Paulson Changes Tack Yet Again on TARP
It’s a good thing (for him) this guy doesn’t have to face elections.
Treasury backs away from plan to buy bad assets
Wed Nov 12, 2008 11:51am EST
WASHINGTON (Reuters) Treasury Secretary Henry Paulson on Wednesday said he was backing away from buying troubled mortgage assets using a $700 billion bailout fund, instead favoring a second round of capital injections into financial institutions that would match private funds.
Paulson, in an update on the Treasury’s financial rescue efforts, said his staff has continued to examine the benefits of purchasing illiquid mortgage assets under the so-called Troubled Asset Relief Program.
“Our assessment at this time is that this is not the most effective way to use TARP funds, but we will continue to examine whether targeted forms of asset purchase can play a useful role, relative to other potential uses of TARP resources,” Paulson told a news conference.
When Treasury was selling the $700 billion bailout plan to Congress, it initially promoted it as a vehicle that would purchase illiquid mortgage assets from banks and other institutions to cushion potential losses.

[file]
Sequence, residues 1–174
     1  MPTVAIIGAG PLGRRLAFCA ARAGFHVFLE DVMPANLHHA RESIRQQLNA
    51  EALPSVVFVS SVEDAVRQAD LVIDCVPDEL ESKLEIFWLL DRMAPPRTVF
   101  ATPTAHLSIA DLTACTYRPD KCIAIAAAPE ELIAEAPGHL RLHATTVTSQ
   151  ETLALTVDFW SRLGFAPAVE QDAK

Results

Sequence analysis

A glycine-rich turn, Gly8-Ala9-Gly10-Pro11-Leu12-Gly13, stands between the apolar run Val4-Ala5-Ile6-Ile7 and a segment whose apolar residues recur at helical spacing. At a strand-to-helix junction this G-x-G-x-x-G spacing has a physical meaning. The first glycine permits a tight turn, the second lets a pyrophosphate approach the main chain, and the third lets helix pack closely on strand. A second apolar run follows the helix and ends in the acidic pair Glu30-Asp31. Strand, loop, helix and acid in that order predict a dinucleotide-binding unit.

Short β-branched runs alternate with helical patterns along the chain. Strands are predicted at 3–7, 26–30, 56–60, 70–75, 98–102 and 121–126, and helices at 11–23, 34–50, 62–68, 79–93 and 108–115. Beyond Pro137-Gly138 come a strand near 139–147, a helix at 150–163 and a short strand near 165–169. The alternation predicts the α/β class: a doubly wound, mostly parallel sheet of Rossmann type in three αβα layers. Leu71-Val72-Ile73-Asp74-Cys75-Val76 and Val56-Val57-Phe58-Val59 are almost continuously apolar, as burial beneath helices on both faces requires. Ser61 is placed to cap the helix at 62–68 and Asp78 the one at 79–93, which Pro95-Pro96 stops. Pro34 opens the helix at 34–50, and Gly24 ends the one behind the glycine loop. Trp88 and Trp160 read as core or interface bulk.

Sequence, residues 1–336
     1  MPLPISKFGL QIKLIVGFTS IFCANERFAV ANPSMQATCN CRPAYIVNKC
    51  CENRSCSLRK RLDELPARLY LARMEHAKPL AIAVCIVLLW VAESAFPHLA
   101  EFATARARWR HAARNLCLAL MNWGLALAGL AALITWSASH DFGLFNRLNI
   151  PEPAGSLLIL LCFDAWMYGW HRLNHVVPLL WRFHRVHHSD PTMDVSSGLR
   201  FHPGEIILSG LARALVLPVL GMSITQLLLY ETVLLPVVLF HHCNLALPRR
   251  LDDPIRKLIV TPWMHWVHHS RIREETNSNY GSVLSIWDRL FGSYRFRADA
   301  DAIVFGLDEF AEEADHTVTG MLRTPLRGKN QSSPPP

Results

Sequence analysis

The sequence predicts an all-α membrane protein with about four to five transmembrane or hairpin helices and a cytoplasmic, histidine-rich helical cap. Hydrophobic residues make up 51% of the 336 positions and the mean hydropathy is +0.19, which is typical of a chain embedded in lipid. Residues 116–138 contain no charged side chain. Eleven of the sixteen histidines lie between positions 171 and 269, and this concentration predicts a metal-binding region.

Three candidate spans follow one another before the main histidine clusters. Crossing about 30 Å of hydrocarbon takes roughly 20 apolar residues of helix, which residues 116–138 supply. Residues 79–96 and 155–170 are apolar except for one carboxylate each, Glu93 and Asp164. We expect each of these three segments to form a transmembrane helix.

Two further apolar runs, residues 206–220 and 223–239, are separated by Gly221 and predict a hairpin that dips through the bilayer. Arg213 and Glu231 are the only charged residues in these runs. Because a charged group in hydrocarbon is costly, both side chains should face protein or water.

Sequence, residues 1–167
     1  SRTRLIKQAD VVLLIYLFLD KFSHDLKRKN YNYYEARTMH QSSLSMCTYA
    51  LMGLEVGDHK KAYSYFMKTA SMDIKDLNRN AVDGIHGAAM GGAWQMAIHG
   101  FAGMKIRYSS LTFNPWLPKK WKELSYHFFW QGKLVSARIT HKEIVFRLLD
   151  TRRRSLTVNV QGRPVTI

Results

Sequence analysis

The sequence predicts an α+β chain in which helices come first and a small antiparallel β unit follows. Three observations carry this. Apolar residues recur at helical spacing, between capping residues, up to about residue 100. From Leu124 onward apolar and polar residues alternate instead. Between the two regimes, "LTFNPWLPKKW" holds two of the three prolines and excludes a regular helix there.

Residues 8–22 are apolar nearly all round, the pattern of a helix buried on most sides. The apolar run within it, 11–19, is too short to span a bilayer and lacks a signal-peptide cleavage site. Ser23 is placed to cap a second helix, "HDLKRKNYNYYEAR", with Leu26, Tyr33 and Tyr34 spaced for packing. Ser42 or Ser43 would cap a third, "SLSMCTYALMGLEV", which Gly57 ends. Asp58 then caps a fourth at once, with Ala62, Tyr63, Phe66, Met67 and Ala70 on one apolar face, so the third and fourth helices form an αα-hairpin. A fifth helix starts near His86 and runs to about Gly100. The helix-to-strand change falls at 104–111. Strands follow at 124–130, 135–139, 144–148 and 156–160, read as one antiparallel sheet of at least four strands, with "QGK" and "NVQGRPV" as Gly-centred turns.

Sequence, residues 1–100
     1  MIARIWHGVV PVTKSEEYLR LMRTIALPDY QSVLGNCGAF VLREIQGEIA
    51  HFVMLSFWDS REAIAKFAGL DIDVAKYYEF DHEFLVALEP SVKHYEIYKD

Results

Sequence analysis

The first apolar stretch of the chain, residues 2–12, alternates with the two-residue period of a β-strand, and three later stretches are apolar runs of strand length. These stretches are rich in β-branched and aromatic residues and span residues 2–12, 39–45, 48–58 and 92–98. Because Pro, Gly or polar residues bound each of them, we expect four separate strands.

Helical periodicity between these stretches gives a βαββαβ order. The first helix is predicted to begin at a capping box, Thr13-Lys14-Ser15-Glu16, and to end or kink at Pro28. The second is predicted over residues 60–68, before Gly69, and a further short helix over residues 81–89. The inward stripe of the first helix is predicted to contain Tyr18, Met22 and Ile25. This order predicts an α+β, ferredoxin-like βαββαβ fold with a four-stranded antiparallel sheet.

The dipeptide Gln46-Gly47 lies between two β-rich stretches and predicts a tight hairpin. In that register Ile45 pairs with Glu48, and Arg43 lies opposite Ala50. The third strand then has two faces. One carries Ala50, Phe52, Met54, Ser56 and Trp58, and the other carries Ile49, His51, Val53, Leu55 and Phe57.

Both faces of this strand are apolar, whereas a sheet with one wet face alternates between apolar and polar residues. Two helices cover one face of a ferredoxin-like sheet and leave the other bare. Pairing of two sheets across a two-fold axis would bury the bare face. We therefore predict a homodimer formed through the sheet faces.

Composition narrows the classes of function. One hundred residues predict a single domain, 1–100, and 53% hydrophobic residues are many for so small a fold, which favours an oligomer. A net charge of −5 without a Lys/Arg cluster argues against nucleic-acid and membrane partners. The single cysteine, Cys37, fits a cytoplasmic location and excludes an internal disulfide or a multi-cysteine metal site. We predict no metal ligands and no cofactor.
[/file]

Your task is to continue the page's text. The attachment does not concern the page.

But it became quickly apparent that setting up such purchases would take time, and Treasury opted for the faster method of injecting capital directly into banks by buying preferred stock. The Treasury has allocated $250 billion of the fund to such purchases so far.
Paulson said the Treasury is evaluating a second program that would provide government investments that would match private investments in capital raisings.
“In developing a potential matching program, we will also consider capital needs of non-bank financial institutions not eligible for the current capital program,” Paulson said.
He also said support was needed for the markets that securitize credit outside the banking system for products such as car loans, credit cards and student loans. The Treasury and Federal Reserve are exploring the development of a potential liquidity facility for highly rated AAA asset-backed securities.
“We are looking at ways to possibly use the TARP to encourage private investors to come back to this troubled market, by providing them access to federal financing while protecting the taxpayers’ investment,” Paulson said.
(Reporting by David Lawder, Editing by Chizu Nomiyama)